Mike Curren left early on the morning of December 30 on what he promises to be "the
ultimate road trip." As per his usual, he left no hint of his route or destination or even
how long he planned to be away. I'm guessing that he'll be visiting long-time friends
Ronnie "The Fox" LaPolice, Weasel, Bob Dawg, VonTon the Atom Bomb, Pell Mel and
the Rag Man en route before meeting up with his parents and myriad other friends
(whose names he could never remember but they always had a good time whenever
they met). There might be a few casinos and race tracks to be visited before reaching
the final destination which will probably be a broad beach where the Over-The-Line
courts are already set up. The Good Lord knows that there will be drinking on that
beach and the BC's will be iced and served without limes.
Mike was a proud child of Mission Beach, attending Mission Beach Elementary before
moving on to Pacific Beach Junior High and La Jolla High School (Go Vikings!). His
studies at San Diego State were interrupted by the Korean War although he was
fortunate because of surveying training to spend his time in service mapping the
Philippines. Returning to San Diego, he was able to earn his degree in civil engineering
although it took the assistance of a fellow bowler who happened to be the Dean of
Admissions and Records to get it posted.
Mission Beach was different then; it was a place where folks without a lot of money lived.
During the Depression and war years, most parents were doing their darnedest to keep
their families afloat and the kids were left to their own devices. Friendships and
competitions abounded and were long-lived. Over-The-Line was just a game to be
played between body-surfing and volleyball. It was the interest in volleyball that
prompted the establishment of the Old Mission Beach Athletic Club (so members could
get into the better Southern California beach tournaments) but it was Over-The-Line that
took hold as a tournament that welcomed players of all levels, genders, and abilities
from around the world. It helped if the player or fan had an irreverent sense of humor.
Mike was proud of his association with OMBAC as a founding member and served in all
club offices and roles from the presidency to the grunt work (which was frequently the
same). He was recognized as the founder and chief promoter of the World
Championship Over-The-Line Tournament which grew from eight teams to more than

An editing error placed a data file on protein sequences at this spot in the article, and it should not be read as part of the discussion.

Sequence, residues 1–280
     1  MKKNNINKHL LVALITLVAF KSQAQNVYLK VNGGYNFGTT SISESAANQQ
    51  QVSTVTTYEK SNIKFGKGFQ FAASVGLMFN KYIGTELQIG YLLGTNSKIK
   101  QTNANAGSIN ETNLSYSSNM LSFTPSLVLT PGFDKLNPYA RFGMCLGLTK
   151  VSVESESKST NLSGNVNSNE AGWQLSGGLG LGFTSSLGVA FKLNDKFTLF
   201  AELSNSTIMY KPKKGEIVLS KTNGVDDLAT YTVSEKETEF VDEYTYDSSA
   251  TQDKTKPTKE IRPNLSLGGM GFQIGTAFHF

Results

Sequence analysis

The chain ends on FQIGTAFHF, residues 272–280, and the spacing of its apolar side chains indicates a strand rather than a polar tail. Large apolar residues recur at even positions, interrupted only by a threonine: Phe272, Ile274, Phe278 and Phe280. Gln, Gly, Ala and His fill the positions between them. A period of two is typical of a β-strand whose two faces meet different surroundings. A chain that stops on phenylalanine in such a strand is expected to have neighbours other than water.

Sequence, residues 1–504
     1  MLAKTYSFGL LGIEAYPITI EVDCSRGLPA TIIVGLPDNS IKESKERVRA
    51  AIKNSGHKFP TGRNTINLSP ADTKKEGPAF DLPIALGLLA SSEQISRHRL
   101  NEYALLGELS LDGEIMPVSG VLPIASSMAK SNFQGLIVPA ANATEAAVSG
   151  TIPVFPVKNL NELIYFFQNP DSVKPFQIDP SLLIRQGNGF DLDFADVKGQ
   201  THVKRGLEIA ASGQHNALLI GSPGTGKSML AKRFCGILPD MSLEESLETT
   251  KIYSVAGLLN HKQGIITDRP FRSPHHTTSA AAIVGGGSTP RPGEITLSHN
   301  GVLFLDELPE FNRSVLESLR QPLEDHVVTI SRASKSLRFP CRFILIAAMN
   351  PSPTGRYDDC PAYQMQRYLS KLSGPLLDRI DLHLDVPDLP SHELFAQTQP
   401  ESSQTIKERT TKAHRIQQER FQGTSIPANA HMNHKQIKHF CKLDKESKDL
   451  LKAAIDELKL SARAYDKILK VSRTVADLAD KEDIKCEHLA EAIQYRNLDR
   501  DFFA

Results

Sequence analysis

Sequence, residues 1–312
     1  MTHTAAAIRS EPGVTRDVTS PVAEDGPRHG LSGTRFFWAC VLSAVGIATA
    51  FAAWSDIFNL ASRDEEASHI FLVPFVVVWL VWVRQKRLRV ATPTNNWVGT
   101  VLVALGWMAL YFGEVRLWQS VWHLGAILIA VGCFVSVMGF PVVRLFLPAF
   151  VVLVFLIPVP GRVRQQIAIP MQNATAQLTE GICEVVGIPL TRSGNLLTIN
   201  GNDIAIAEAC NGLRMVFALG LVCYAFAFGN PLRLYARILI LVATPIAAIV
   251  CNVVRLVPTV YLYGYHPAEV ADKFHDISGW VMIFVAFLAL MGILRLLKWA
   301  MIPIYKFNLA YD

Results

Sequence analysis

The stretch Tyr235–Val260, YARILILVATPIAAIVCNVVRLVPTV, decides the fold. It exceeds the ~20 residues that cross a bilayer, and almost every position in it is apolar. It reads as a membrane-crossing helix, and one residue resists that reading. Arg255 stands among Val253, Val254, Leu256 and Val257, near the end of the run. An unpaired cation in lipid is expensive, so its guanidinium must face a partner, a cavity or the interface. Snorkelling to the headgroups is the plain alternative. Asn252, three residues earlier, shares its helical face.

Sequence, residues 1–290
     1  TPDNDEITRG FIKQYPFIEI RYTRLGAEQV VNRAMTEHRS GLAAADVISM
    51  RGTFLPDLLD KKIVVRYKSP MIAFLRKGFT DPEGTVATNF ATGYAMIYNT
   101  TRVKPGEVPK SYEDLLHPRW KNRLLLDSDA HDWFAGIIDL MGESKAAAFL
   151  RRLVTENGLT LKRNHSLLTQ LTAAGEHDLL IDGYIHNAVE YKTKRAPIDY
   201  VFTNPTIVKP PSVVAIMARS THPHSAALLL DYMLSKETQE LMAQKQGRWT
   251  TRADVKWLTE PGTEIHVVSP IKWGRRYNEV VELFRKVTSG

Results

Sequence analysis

1300. But he would be the first to tell you that he was only one member of OMBAC and
there were many, many more who were not recognized but who contributed significantly
to any and all of OMBAC's sponsored events.
Mike was a licensed land surveyor who happily plied his trade for more than six
decades. The son of surveyors (his mother was the first female land surveyor licensed
in California), he was an avid student of San Diego's history and enjoyed being
informed by the land and the people. He wasn't quite so fond of the bureaucracy.
Mike was fortunate to travel, visiting countries throughout the world - particularly if they
were more out-of-the-way. Many trips were taken as part of rugby tours with the
OMBAC team; others with friends who shared in the spirit of adventure. Disneyland
was not on his list.
Hoping to get postcards from Mike's current road trip to worlds-beyond-imagination (but
not holding their breaths) are his son Jamie, daughters Amy (Ed Chevalier) and
Shannon (Yossi Langer), grandsons Isaac and Elie, brothers Pat and Terry, and
erstwhile companion, the ever-lovely Helen Duffy.
In Mike's mind, he's just gone off on another adventure so there's no reason for
services. He didn't like them anyhow. If you would like to make a donation in his
memory, donations are welcomed to support OMBAC charitable endeavors (of which
there are many) at Angels of OMBAC at https://angelsofombac.com. If you prefer
something simpler, just pick up a piece of trash from the beach, meet a pal, meet a
stranger, buy a drink, have a laugh, make a friend and enjoy your time together. Mike
never had any fun.